Preparing your business for return

As we start to see an ease in COVID-19 restrictions, businesses are planning and preparing to re-open or expand operations. If your business is not already trading, now is the time to plan for getting back to business.

One of the challenges employers are likely to face is the tension between getting back to work and preparing their workforce to embrace the new reality and meet evolving demands. Management teams bear the responsibility of navigating their companies through the changed landscape.

Regardless of scale and the lifecycle of your business we’re all confronted by the same concerns: where to begin, how to keep people protected, when to communicate, and what’s the right way to move forward.

Here are 4 essential considerations to ensure a successful transition back to work.

A COVID-19 Safety Plan will help you keep up-to-date with public health orders and any changes to restrictions. It may include how you rethink the physical setup of your establishment, staff training and the actions you put in place to comply with social distancing requirements and hygiene procedures. There are many sector specific workplace guidelines and resources available to support businesses through the transition.

Here are a few checklists and templates available to help you develop your workplace plan.

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Small - Medium business templates

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The way your business operates, the markets you service, the products you sell and services you deliver may need to adapt to fit the ‘new normal’ and minimum health and safety requirements. Identifying key processes and tasks in your business will help address what policies, procedures and processes need to be amended or put in place to manage any risks.

The global crisis has been a catalyst for business leaders to address what is and is not working for their business and make necessary changes to fit the current climate. Your workforce planning and business strategy will be driven by market influences. Understanding the impact COVID-19 has had and continue to have on your customers, supply and partner networks and employees will determine your business model.

Here are a few questions to assist your business model review:

  • How has COVID-19 affected your customers and how will this translate to your business?

  • Can your business change or expand your goods or services to meet emerging demands?

  • Are there other ways you can provide your services more effectively?

  • What infrastructure does your business need to service requirements and operate efficiently?

In part to reviewing your business model there may be impacts to how you deploy your workforce. Adapting your business model will factor how best to build and maintain the continuity of work and at what capacity.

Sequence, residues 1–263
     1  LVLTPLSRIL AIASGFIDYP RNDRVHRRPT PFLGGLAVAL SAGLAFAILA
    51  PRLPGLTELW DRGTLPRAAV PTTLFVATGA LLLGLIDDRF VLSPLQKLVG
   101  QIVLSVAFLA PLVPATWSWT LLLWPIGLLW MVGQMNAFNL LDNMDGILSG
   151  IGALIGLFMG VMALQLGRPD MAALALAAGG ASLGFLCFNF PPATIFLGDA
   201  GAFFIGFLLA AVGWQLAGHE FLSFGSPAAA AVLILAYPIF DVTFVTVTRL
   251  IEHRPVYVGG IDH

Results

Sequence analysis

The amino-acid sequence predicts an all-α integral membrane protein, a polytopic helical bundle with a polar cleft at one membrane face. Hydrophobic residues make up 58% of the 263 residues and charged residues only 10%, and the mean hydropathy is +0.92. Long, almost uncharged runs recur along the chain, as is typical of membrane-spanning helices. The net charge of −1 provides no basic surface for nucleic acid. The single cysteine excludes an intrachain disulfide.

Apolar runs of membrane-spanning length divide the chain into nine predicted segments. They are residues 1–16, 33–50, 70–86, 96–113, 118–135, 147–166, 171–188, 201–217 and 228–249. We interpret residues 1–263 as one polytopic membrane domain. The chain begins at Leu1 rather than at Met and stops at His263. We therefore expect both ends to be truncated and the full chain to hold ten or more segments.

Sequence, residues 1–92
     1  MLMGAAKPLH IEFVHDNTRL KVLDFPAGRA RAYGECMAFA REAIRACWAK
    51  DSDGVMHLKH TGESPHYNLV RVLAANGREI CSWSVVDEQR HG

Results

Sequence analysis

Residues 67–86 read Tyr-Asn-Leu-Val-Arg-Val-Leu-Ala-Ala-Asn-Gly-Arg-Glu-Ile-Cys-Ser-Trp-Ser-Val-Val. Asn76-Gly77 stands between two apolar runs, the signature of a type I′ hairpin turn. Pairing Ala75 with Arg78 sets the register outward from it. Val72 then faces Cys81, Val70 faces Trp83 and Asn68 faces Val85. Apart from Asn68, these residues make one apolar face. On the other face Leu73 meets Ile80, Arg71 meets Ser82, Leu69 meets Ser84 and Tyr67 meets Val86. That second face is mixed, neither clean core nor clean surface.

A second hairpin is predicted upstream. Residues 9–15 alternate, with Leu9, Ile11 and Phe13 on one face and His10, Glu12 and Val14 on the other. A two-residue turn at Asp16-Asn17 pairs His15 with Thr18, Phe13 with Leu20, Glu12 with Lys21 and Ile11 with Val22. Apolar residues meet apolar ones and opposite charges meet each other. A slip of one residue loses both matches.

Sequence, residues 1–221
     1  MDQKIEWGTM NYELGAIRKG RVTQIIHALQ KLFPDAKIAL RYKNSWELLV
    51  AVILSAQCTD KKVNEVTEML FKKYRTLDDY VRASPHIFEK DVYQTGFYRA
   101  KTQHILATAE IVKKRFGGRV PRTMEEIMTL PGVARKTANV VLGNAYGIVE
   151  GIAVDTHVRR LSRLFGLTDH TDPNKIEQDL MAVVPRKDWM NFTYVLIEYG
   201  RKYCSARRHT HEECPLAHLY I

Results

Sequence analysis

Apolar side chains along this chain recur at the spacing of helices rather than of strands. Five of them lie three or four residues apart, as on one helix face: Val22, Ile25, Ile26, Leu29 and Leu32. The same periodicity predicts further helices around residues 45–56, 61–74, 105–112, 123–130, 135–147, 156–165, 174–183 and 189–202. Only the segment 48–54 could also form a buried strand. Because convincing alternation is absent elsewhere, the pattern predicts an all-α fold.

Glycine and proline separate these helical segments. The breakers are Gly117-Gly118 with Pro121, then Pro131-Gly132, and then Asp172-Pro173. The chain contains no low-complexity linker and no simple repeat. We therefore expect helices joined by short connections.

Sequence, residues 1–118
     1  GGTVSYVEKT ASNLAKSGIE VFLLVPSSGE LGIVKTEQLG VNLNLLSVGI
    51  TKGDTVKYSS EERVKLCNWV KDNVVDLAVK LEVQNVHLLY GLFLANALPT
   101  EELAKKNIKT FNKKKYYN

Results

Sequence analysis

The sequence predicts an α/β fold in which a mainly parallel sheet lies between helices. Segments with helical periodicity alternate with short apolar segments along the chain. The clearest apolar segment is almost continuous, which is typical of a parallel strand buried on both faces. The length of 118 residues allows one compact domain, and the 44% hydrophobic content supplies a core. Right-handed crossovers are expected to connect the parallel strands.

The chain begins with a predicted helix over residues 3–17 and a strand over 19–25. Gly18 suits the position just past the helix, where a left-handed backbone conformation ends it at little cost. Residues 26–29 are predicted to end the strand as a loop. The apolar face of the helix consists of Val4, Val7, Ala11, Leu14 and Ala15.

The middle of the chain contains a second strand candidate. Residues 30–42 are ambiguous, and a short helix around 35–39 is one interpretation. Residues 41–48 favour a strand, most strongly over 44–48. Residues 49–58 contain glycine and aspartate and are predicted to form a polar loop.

It is reasonable to assume your staff and customers will behave differently upon return. Consider tasks that must be completed and needs to be met to identify if flexible working arrangements could help your business’ sustainability.

Introducing a roster system, looking at a change in duties, encouraging employees to work from home, inviting people back onsite or a combination of work scenarios may assist in mitigating risks, complying with COVID-19 minimum standards and managing business costs.

Regardless of the type of deployment, buy-in from staff and enabling your people with the right resources and support they need to be productive is essential if you want to achieve peak performance for your business.

One of the key take-aways of COVID-19 is the emphasis on embedding a people-first approach to business. This not only considers the health and wellbeing of your workforce, customers and the community, but extends to how management encourages interaction between these groups.

Implementing a communications strategy that is clear, transparent and empathetic is important to build trust and loyalty with your stakeholders. Aim to communicate through platforms that allow for connection and collaboration.

An effective communication plan can strengthen corporate culture, increase employee engagement and boost productivity and loyalty – setting your business in the best position when it’s time to re-open. Schedule regular communications to share your vision with your staff about what’s coming next and encourage feedback.

Here are a few ways to achieve this:

  • Create employee surveys and company-wide activity (i.e. quiz)

  • Encourage cross-collaboration & team bonding by sharing initiatives and setting up special interest groups.

  • Digital/online video conferencing (i.e. skype, zoom)

  • Intranet news/update pages

  • Social media private group channels

  • Schedule emails and office blogs on topics to motivate staff

As the economy begins the road to recovery, now is the time for businesses to learn and emerge stronger. One thing is certain. Businesses will need to prepare and re-shape their business model to succeed in the ‘new normal’.



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